The race lasts just one lap and the order of finish determines what prize money is earned. A win gets $300,000, second $200,000 and so on, so it can be seen that paying just $10,000 for a 'no-hope' car and getting a surprise second nets $190,000 profit, while paying $110,000 for a dead cert will only get you the same net gain. Three races are normal in a full game (the cars change owners each time) and the player with the most prize money at the end is the winner. Now there's an original concept. A three race session of Daytona takes about 60-80 minutes depending on the mental speed of the players more than anything else. Sometimes you need to deliberate at length on which card is best at a given point in the race, and if you are like me you will probably still get it horribly wrong. We found that Daytona plays well with three or four but is unbalanced with two players as each can normally control their cars a bit too well.

Essentially, the major changes from Formal Eins to Daytona are that there are no points on the track to completely block up the race - you can nearly always pass even if it does cost you more to move. This is where the clever passing lane rule comes into play. There is a drafting (slipstream) rule that gives a car one extra space if he is tailgating. The cards are generally similar but there is no white 10, the coloured 10s have become 9s and, importantly, are given to the buyer of the relevant car. Most of these rules could be ignored if you wanted to be a purist and play the old game on a copied track, but we found the changes to be beneficial.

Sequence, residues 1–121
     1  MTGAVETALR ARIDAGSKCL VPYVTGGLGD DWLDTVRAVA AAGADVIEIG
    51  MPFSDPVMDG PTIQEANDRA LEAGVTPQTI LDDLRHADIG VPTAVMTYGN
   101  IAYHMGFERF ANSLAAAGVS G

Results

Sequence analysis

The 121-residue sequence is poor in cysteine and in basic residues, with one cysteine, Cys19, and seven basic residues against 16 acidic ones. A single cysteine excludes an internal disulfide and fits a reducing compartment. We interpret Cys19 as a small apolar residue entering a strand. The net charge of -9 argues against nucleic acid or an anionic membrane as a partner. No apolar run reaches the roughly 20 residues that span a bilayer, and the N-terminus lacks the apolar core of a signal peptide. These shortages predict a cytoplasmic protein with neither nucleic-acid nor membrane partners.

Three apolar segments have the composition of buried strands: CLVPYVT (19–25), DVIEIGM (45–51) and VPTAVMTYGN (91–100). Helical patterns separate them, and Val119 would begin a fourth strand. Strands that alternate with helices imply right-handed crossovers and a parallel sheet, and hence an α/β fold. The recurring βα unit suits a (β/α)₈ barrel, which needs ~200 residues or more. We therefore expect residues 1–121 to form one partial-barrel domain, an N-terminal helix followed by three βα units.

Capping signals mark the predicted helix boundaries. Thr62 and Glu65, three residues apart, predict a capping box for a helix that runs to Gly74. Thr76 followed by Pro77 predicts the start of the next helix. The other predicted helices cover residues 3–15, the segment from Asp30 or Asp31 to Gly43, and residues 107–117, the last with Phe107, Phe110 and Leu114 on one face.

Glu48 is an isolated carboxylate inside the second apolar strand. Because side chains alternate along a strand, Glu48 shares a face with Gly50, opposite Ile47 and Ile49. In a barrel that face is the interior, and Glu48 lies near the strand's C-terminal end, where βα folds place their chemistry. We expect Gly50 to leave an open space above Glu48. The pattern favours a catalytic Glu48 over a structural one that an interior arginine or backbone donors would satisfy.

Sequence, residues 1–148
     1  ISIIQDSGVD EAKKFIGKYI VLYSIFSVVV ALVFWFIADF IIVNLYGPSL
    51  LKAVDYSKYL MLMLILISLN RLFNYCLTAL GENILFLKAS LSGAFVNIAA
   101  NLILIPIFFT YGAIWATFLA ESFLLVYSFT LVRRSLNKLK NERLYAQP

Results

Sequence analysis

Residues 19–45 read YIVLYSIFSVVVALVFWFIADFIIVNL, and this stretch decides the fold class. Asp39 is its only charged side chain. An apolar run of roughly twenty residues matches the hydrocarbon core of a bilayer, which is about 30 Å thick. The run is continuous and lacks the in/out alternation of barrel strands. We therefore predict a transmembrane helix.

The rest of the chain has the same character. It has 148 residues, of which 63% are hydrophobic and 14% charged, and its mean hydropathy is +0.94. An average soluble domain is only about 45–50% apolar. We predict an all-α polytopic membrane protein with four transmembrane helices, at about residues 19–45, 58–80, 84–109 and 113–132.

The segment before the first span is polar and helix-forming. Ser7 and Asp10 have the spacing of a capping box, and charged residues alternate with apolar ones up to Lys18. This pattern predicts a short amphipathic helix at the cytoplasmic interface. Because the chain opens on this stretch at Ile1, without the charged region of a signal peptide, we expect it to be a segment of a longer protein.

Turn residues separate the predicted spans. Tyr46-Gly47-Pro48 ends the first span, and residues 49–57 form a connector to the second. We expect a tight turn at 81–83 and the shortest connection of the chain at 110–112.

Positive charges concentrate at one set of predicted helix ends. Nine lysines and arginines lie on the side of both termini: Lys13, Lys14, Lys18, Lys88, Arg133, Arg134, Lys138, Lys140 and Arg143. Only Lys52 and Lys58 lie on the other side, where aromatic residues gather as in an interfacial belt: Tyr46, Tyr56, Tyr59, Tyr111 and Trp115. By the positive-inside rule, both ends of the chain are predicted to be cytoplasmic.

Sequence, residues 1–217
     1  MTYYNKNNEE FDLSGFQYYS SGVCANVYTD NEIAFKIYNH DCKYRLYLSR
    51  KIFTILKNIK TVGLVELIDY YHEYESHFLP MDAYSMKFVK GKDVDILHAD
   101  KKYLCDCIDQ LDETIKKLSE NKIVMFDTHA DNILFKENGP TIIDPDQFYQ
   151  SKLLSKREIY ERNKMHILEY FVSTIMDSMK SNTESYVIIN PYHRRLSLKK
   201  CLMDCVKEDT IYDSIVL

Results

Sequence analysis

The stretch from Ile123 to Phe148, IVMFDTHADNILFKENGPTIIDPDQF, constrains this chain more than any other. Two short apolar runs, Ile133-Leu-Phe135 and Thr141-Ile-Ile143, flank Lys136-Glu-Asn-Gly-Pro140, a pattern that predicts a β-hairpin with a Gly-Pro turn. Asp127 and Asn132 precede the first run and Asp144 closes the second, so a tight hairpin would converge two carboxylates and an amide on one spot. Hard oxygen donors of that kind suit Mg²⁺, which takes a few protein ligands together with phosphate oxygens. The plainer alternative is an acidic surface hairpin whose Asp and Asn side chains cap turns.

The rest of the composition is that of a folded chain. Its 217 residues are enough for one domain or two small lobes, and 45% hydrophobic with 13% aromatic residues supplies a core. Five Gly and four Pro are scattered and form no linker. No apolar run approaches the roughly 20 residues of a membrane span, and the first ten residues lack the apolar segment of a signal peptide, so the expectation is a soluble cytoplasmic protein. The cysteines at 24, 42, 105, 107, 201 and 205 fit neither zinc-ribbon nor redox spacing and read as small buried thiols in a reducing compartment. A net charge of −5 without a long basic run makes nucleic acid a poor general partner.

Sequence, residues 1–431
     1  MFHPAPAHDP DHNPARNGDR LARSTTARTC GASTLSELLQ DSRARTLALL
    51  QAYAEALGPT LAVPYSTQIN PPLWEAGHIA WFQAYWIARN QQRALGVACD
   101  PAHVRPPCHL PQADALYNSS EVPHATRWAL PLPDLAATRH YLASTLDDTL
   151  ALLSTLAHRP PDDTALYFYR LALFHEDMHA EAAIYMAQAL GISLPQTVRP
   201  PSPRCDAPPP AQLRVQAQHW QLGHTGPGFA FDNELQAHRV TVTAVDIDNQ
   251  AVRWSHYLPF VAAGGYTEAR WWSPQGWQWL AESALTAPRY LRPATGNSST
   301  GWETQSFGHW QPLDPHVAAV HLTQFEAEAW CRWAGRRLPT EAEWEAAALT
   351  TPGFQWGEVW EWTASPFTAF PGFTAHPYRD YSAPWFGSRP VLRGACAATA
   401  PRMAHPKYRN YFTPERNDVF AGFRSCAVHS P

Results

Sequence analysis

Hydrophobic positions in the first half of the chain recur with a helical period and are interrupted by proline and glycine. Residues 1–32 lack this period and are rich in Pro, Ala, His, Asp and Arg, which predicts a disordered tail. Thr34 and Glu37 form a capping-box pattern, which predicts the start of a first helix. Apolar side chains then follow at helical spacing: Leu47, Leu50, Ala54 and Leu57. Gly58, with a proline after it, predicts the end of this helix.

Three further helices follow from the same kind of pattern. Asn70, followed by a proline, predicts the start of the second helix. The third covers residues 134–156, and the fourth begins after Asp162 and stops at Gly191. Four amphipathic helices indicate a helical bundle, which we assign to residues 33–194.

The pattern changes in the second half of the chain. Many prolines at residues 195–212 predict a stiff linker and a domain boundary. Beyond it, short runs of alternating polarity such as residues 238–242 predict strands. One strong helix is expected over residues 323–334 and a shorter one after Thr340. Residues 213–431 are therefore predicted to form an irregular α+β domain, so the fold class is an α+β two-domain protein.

In play, Daytona offers a narrow but interesting range of decisions. The races seem to vary in both pace and closeness - sometimes a car will play his 9 early and shoot off in front, perhaps pulling along another car or two, while another smaller race develops at the back. On other occasions, all six cars match each other move for move and the lead can change many times. However the race goes, it does normally tend toward a close finish as a car going off the front will usually run out of cards from his own hand and must wait for the other players' cards to get him over the line. Knowing when to play a card, especially holding or playing the 9, is a constant puzzle. Throughout the race, if you are controlling two cars, you need to balance the card played on each one - sometimes you have a shot at getting them both home, other times you will have to sacrifice one to get the win.